All my life, I was heavy. And I hated it. I went through this perpetual cycle of hating my body, hating myself, and hating that I let food have this power over me. I’d start off every day with the best of intentions for being healthy and losing weight, and while I knew what foods were healthy, I really had no concept of how much I should be eating of what. I would go for things with good gimmicks on the labels like “low fat” and “fat free” and “good for your heart”, thinking I was making the right choices. And I would eat just a little bit of it. And then, I would be hungry. And I would try to convince myself that I wasn’t, and do everything in my power not to eat more so I could lose weight.
And then I would binge.
I’d eat everything and anything I could get my hands on that was off limits for me during the times I was being “good”. I’d use being sad, happy, drunk, busy, anxious or bored as an excuse, and I would eat myself sick. Never to the point where I threw up, but to the point where I would feel sick to my stomach, uncomfortably full and would likely have to lay down. This would usually get it out of my system temporarily, and then I’d wake up the next day and hate myself even more. And then I’d start the cycle again.
There were periods of my life where I cared less about weight than other times, like during the first few years of college where I had my first serious boyfriend. At those times, I was just eating a lot of what I knew were bad-for-me foods pretty much all the time. And it’s no surprise that I gained a lot of weight. And then at the end of college, I decided to give Atkins a go because I knew it was something I could try that would allow me to eat excessive amounts of food and still lose weight. I was used to the “allowed” and “not allowed” labels on things, so it really worked for me. I lost 40 pounds, felt pretty good, and kept it off for a year.
But you know what? I like bread. And pizza. And fruit. And milk. There was no way I was going to be able to stick with that forever, and when I went off Atkins and back into my unhealthy restrict/overdo cycle of eating, it’s no surprise that I gained back all the weight and then some.
And then I (re)discovered Weight Watchers in 2009. I loved having the system that I could track my food (I’m a numbers person) and that nothing was off limits technically. I also loved that I was losing weight and learning to eat right, and being in a room of people where I could tell them that I ate an entire batch of cookies and they would get it and not judge me. It was very liberating. I think Weight Watchers was a very essential part of my journey because it really was what helped me develop a lot of healthy habits and lose a large amount of weight. At the time, I really needed a way out of the cycle I was in and the accountability and easy-to-follow program were right for me at the time.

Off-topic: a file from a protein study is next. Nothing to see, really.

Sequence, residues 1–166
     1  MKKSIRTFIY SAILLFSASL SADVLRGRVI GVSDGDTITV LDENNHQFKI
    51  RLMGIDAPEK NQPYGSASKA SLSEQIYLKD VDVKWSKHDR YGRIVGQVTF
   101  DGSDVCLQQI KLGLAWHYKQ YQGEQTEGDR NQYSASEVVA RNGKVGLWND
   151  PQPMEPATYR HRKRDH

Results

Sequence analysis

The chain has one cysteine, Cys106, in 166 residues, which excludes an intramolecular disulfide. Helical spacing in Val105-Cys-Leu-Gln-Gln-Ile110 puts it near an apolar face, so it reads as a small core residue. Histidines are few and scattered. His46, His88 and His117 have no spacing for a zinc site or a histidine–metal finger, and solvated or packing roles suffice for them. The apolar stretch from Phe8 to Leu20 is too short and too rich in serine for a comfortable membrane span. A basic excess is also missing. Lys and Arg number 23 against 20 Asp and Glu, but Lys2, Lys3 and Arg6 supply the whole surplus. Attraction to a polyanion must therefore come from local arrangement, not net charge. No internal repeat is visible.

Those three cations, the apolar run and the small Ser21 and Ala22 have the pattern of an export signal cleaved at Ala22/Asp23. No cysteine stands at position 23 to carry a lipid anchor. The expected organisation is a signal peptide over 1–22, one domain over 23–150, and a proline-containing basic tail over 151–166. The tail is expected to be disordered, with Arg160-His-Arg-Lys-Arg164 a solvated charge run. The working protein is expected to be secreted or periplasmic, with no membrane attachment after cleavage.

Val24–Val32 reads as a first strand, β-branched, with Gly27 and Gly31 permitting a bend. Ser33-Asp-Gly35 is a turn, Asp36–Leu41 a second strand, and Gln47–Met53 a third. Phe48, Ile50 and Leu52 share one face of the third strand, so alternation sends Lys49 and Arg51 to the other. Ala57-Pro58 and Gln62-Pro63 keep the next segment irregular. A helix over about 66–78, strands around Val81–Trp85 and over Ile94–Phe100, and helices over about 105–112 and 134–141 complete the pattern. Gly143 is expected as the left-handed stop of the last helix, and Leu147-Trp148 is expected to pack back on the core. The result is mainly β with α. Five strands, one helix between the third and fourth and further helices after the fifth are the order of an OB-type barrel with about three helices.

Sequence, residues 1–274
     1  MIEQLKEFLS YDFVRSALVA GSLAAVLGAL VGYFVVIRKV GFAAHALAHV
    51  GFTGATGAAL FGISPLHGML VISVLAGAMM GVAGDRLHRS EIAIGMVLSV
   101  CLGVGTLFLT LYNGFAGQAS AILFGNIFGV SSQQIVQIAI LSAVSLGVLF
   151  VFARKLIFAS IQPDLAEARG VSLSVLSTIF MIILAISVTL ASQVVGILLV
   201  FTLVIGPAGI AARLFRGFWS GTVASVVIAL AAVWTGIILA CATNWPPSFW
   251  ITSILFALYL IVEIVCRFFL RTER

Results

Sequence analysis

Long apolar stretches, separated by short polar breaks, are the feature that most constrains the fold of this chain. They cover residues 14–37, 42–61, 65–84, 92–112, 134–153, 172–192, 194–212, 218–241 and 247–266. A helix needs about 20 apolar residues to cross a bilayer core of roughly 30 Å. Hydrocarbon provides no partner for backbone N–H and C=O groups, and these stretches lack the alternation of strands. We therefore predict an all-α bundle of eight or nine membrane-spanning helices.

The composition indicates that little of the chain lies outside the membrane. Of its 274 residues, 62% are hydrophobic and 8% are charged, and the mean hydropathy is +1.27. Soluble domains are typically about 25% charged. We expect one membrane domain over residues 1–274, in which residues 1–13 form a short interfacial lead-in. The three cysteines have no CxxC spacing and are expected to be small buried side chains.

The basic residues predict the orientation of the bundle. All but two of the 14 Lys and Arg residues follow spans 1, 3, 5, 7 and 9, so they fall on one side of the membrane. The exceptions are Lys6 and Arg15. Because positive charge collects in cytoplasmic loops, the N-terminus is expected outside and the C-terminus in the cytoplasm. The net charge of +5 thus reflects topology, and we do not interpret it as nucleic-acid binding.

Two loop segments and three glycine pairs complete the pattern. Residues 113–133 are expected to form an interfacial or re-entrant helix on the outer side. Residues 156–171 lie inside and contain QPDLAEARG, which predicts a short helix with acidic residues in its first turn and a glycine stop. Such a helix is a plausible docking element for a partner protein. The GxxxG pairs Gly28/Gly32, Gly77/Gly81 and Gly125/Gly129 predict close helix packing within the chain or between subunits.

But in many ways, Weight Watchers encouraged that restrict and then overdo it cycle that I was accustomed to, though a little bit less severe than it was before. I would always eat my minimum points per day, but for anyone who has ever done WW, you know that it’s really not that much. It’s enough, but there’s no way I could eat just 26 pointsplus per day every day for the rest of my life. My approach was that I would eat the daily target Monday to Friday, and then use all the extra points on the weekends or for a special event, which is when I’d way overdo it. A lot of times I wouldn’t count the points on those days where I was going above and beyond, and that freedom helped me feel less trapped by the counting of the program. But I would still have those same guilty feelings after eating excessively, and then return to the minimum points per day until I felt ok about myself again. It worked in helping me get down to a healthy weight, but it didn’t help break that cycle of being good or bad, and seeing everything as black or white.
And though with WW nothing is technically off limits, for me, it was. I didn’t trust myself to have one piece of pizza – so I would either eat no pizza on those days where I was sticking to my daily target, or eat most of a large pizza on a day when I was not. I still kept that off limits mentality with “bad” foods when I was trying to stay on track, and though this wasn’t Weight Watchers fault per se, the program allowed me to embrace these old unhealthy habits as I found my way to a healthy weight. They said everything in moderation, but for someone with as messed up a relationship as I had with food, I didn’t trust myself with the whole moderation thing.
The other side of it, besides seeing foods as good or bad, was that the bad foods caused me extreme anxiety. If I would attend a social event or be at a work party where there was pizza, my heart would literally race as I fought with myself against whether I was going to have some or not. Sometimes my willpower and resolve would be high, and I’d place myself away from the food knowing that I was not going to touch it. Other times, though, I couldn’t even pay attention to what was going on around me because I was too focused on the food and was being consumed by it. (Ironic, eh?) This was particularly sad when I was spending time with friends and could barely pay attention to the conversation because I was so distracted by the food in front of me, until it was either taken away or completely eaten. I don’t think anyone around me could grasp how preoccupied by the food I was because I put on a good act, but it’s pretty disturbing how much control I let it have over me.
To be continued…